Brexit: an opportunity to be seized

British factory production is at a 22-year high, there is record employment, and the UK has the highest level of foreign direct investment in Europe.

We all supported Brexit, but if Vote Leave had told us before the referendum this would be the news from the British economy after a Leave vote, even we would have been sceptical. Yet, a year on, that’s exactly what’s happened.

So why then is Brexit still being treated as a problem we can’t wait to be rid of rather than an opportunity to be seized?

This isn’t about saying I-told-you-so to Remain supporters – they are as concerned about our country’s future as us and deserve respect. Nor is it about putting heads in the sand and pretending Brexit poses no challenges.

But supporting Brexit is too often portrayed as a vote to turn the clock back. Nothing could be further from the truth. For us, the Referendum was about two competing visions of Britain’s future – and we are excited about our prospects as a dynamic, global, independent nation.

It is vital we start emphasising this optimistic vision. Because if we sleepwalk into seeing the next two years as an exercise in damage limitation, we will wake up to find a once in a generation opportunity has slipped through our fingers.

And, like it or not, that failure will be blamed on us Conservatives. If we lose confidence in Brexit as a party, we shouldn’t be surprised if the British people lose confidence in us.

In five key areas, the Government must use this Parliament to make sure that doesn’t happen.

If we lose confidence in Brexit as a party, we shouldn’t be surprised if the British people lose confidence in us

First is trade. Free of the customs union, we can use our new power to link our exporters to dynamic growth around the world. Simultaneously, the Government should scrap the tariffs protecting EU special interests, a move that would instantly lower prices for British shoppers.

Second, immigration. Not one of us believes in pulling up the drawbridge to international talent. But, by refusing to give the public a say on how low-skill immigration is managed, the EU has caused faith in the system to collapse. By introducing a humane, controlled immigration regime that recognises talent and shows compassion, we have an opportunity to regain the public trust necessary to reinvigorate British internationalism and once again become a beacon for the world’s brightest.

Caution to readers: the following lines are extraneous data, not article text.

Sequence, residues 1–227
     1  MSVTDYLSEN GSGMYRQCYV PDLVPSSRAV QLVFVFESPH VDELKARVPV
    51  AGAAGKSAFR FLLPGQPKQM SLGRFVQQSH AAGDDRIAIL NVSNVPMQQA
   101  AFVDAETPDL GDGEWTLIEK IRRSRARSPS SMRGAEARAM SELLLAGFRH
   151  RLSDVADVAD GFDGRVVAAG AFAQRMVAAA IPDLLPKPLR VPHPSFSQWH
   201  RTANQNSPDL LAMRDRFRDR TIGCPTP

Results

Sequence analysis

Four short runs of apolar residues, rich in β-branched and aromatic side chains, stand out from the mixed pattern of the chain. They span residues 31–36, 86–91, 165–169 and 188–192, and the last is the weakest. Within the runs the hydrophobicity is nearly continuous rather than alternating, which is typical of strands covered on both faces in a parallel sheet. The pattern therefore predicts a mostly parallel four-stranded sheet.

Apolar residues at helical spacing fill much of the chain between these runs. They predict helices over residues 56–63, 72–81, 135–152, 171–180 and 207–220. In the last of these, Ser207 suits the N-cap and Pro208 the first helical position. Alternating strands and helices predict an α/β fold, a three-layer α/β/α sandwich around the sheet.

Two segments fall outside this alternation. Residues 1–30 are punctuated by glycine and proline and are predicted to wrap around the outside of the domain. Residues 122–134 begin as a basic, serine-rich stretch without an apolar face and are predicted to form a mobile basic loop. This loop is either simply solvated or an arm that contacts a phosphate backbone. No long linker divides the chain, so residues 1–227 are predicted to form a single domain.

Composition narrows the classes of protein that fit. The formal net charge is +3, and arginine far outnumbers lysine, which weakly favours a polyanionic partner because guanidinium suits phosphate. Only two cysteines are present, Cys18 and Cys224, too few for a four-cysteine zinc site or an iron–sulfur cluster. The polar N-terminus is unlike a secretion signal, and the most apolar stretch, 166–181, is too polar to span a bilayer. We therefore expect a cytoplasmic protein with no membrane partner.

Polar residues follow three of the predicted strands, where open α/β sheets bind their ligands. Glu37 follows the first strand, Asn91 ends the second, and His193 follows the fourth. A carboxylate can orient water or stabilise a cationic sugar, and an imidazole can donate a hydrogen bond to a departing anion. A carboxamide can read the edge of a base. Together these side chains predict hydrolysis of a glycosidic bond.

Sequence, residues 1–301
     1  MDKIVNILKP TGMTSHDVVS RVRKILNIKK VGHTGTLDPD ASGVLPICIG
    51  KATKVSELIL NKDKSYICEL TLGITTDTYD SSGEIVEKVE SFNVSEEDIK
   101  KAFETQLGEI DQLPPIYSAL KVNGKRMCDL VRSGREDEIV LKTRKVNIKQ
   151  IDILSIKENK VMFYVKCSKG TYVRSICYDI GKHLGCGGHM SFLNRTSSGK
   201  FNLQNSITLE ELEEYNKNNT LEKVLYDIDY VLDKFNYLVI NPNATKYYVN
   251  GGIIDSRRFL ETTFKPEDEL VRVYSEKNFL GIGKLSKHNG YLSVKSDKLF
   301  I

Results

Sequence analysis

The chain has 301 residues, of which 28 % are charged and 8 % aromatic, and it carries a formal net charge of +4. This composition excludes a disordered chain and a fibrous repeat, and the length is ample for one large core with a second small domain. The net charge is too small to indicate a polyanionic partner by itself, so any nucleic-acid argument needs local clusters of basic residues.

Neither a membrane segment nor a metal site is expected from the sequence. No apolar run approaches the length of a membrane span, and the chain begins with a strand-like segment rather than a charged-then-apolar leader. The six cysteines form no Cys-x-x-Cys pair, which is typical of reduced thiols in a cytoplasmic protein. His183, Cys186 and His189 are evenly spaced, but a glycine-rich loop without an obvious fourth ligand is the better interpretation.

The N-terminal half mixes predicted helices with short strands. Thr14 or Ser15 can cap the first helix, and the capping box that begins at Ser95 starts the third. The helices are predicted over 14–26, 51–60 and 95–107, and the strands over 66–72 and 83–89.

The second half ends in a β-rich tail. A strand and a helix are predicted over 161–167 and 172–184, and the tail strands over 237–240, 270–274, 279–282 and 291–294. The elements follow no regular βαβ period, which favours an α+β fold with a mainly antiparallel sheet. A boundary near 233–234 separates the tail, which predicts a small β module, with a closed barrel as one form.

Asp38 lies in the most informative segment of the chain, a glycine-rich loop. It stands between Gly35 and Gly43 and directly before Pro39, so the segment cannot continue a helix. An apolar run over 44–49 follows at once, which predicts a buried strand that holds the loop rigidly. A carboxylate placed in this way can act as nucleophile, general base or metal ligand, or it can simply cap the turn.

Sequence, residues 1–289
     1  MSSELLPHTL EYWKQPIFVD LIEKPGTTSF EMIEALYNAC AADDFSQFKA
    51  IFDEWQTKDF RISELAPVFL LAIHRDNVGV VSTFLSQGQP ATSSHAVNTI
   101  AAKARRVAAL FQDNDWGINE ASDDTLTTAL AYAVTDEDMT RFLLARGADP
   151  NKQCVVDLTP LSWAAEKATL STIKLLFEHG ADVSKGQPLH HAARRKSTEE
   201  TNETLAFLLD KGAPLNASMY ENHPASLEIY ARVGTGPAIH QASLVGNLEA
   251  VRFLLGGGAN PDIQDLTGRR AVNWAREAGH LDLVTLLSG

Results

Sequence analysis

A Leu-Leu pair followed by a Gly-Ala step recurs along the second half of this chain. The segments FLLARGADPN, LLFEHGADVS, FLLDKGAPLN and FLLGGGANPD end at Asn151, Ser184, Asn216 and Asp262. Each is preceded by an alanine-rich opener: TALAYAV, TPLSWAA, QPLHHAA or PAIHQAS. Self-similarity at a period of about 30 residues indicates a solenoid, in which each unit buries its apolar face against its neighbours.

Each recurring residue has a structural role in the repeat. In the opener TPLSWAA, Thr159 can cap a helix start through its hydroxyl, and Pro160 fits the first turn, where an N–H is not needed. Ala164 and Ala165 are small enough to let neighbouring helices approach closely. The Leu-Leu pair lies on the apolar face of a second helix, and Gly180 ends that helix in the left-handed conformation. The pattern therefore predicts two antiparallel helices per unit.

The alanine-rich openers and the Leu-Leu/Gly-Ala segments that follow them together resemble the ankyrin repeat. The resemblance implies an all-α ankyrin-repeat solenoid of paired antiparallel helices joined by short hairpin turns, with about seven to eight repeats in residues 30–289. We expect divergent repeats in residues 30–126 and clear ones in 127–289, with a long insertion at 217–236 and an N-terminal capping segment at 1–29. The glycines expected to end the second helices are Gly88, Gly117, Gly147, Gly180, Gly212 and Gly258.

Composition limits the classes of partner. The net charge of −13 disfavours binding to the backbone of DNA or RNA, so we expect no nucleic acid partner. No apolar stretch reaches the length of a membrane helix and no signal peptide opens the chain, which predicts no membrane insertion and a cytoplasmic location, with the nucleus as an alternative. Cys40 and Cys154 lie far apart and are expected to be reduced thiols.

Next comes regulation. Just like companies, governments innovate best when they compete. It’s not surprising, therefore, that European collectivism has left our regulations flabby. Brexit is an opportunity to spur our regulators to innovate, forcing them to make rules that revitalise our economy, not bog it down in red tape.

The fourth opportunity is economic innovation. Brexit can be our industrial strategy’s rocket fuel. Thanks to restrictive state aid rules, EU membership makes support for infrastructure like broadband subject to onerous approval processes or bureaucratic work arounds.

Brexit is a chance to sweep these aside. Better still, we can start using innovative tools currently constrained by the EU like beefed-up, low-tax Enterprise Zones and Free Ports to attract jobs and investment to the country’s most deprived areas.

Last, but most importantly, Brexit is a chance to revitalise our democracy. By muddying the waters of accountability, EU membership has made it too easy for politicians in Westminster to pass the buck to Brussels. Or they struggle against an interventionist European Court that doesn’t reflect British values.

With a clean break from the EU, British voters will once again know exactly who is responsible for everything from supporting the steel industry and keeping our rivers clean to setting the VAT on tampons and raising animal welfare standards, making it easier to kick out lawmakers who don’t have their own bold convictions.

Opportunities like these are what Brexit means to us and why we voted to set Britain on this bold future course.

We British have always been suspicious of radical ideas. But if ever our country needed to soften its upper lip, to energise it politics with passion, imagination, and optimism it is now. We’ve spent long enough on the back foot. It’s time to shout about that idealistic and hopeful vision for post-Brexit Britain and find the self-confidence to deliver it for the British people.

Rishi Sunak, Suella Fernandes, Will Quince, Kit Malthouse, Michael Tomlinson are Conservative MPs

A pdf print out of the article and the Telegraph editorial can be found under the links below

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